Instead God shows us that friendship empowers us to abide with one another, to love one another, and to live more fully into our community and into our God together. 

This week we have yet another example of the Holy Spirit being poured out upon unexpected leaders in the book of Acts. One of the largest controversies in the beginning of the early Christian days was the inclusion and/or exclusion of the Gentiles. The life-long Jews who were following Jesus expected the Gentiles to accept all of their practices and laws, and sometimes outright excluded Gentiles all together because they were religious outsiders. 

I can hear it now, “But this is how we have always done it! If they haven’t been following these rules and doing it this way for their ENTIRE lives, how on earth could they be a part of this wonderful, exciting, and life giving thing? They haven’t paid their dues!”.

Consider the moments of Jesus’ ministry that garnered large crowds–the Sermon on the Mount, the feeding of the five thousand, and the entry into Jerusalem are three examples, but they reflect how his teaching, care, and promise generated attention. It seems to me that so much focus on the church being relevant has been preoccupied with creating recipes for substandard fruit rather than cultivating the soil and planting seeds with the radical, abundant, overwhelming, and joyful love of God. 

  • If we functioned from love, of course, we would be more inclusive and welcoming with our worship styles. 
  • If we lead with love, our stewardship campaigns would benefit from an increased spirit of gratitude and generosity. 
  • If love were our primary metric, our budget would be more community-serving than self-serving. 
  • And, rather than sparking internal discord when adapting to the changing world around us, we’d be making paths in for the kingdom of God on earth and spreading the joy of love.

Part of the joy of love comes from knowing that this is not an exchange of a commodity, but the giving and receiving of a gift. God is not looking for a transactional relationship even though the last part of this passage has been misinterpreted to indicate that if we only use the name of Jesus, our prayers will be answered. Here too, Jesus emphasizes the relationship and this assurance flows from the abiding in Christ’s love.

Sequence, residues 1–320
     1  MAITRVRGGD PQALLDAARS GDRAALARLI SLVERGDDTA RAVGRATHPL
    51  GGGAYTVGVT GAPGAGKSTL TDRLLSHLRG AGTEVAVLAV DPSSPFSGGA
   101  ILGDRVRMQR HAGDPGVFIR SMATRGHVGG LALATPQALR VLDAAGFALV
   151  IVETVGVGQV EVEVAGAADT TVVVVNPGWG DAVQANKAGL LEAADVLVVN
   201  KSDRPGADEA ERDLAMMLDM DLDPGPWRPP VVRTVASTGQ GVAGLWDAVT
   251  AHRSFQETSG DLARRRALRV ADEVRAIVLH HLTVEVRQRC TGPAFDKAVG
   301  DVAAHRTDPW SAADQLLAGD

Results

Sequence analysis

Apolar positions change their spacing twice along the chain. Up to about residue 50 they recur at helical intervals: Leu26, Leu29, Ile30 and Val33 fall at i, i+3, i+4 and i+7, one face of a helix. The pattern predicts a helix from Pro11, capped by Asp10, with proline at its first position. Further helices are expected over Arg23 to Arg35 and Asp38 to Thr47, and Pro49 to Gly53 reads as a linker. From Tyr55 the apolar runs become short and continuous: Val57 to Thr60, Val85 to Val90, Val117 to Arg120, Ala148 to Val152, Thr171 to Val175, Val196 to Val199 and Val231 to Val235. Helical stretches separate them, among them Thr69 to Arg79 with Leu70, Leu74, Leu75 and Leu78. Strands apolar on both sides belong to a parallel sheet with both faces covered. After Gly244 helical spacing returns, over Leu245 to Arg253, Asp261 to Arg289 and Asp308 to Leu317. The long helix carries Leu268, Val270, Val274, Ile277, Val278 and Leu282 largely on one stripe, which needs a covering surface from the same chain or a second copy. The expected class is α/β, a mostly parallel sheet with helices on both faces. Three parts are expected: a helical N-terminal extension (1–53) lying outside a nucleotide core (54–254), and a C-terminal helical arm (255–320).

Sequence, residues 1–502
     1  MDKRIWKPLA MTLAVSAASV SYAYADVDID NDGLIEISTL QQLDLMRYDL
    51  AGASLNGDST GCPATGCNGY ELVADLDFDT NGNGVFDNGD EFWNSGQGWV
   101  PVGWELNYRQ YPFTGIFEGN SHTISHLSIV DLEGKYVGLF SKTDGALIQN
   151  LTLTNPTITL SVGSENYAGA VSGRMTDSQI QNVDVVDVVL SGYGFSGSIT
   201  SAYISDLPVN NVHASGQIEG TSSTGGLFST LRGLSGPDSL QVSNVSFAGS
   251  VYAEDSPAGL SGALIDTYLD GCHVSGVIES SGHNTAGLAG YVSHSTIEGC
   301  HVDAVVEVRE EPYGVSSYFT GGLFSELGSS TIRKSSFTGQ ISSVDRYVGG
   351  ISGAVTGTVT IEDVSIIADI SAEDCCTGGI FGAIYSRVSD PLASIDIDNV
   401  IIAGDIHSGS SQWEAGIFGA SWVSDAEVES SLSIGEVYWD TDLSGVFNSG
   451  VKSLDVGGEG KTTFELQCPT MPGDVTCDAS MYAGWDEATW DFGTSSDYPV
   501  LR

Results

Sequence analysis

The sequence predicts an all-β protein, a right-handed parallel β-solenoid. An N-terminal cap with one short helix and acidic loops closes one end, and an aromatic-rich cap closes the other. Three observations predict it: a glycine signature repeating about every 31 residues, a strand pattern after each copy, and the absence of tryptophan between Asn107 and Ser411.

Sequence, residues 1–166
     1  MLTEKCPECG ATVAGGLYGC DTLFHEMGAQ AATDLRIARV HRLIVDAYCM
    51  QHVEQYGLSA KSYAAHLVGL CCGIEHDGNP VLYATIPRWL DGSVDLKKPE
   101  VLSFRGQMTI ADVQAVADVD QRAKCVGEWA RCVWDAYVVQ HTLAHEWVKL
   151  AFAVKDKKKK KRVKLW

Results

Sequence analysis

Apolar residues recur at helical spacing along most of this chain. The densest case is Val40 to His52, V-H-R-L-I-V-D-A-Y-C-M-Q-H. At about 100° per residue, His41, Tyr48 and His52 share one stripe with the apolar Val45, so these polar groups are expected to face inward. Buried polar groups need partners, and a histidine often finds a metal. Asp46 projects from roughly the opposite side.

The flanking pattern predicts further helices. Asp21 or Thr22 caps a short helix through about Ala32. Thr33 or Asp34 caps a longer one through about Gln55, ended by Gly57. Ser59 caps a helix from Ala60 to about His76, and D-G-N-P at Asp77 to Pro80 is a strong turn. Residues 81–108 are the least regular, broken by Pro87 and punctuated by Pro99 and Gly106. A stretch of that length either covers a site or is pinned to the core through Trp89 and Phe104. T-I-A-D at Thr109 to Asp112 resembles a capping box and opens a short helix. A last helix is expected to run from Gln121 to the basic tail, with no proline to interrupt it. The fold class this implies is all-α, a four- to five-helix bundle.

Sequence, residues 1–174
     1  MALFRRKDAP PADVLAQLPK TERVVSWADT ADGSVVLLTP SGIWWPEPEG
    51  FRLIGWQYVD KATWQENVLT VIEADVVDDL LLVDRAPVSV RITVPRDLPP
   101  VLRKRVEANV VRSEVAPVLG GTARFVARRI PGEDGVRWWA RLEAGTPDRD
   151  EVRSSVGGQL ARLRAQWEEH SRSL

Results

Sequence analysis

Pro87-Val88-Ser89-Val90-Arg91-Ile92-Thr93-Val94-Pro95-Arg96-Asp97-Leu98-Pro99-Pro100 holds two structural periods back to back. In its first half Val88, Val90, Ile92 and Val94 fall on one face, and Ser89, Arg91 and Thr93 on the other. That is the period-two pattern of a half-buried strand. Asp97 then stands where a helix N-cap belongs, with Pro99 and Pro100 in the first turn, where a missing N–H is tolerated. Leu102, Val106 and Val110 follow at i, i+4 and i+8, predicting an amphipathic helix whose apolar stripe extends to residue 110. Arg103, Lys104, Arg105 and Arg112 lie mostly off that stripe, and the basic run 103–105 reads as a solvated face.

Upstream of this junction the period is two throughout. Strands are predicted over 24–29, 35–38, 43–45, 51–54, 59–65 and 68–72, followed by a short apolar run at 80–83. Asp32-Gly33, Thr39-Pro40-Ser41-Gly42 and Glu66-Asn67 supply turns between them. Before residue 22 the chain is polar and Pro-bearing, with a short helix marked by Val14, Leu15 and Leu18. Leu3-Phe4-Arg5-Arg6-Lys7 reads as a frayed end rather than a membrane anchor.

The love that Jesus offers is truly that “gift that keeps on giving.” That reference doesn’t come from scripture, it’s a relic of an ad campaign that’s nearly a century old. But it is like a vine, with branches that are properly cared for, planted in fertile soil, nourished with Living Water, that grows, spreads, produces new branches, and ultimately bears fruit. Who wouldn’t receive that gift? Who wouldn’t become that gift?

Last week Don and I were wrapping up Confirmation this year with Rowan talking about Baptism. Don told a story of Paula’s family having children by birth, and children by aodption. He used that to illustrate the way God looks at all of us in baptism as children that he CHOSE to be part of the family.

Jesus illustrates that kind of love when he said: “You did not choose me but I chose you.” I also have been adopted and at a much older age of 25 when it became official. I had be a the Stewart family’s life for 10 years by then, but for some legal reasons it made sense to officially make the adoption happen. 

They had all been my family for many years already but I must admit of the day the judge made it all official it was one of the most powerful and meaningful experiences of my life. One of the things that made it so powerful was that we had chosen each other as family. My biological family was never to properly care for me and protect me the way parents should. But by the grace of God, I found a family, who had two birth children already, and they all CHOSE me to be their family.

Sophocles, the Greek tragic play-writer, defined it well when he said: One word free us of all the weight and pain of life; That word is love.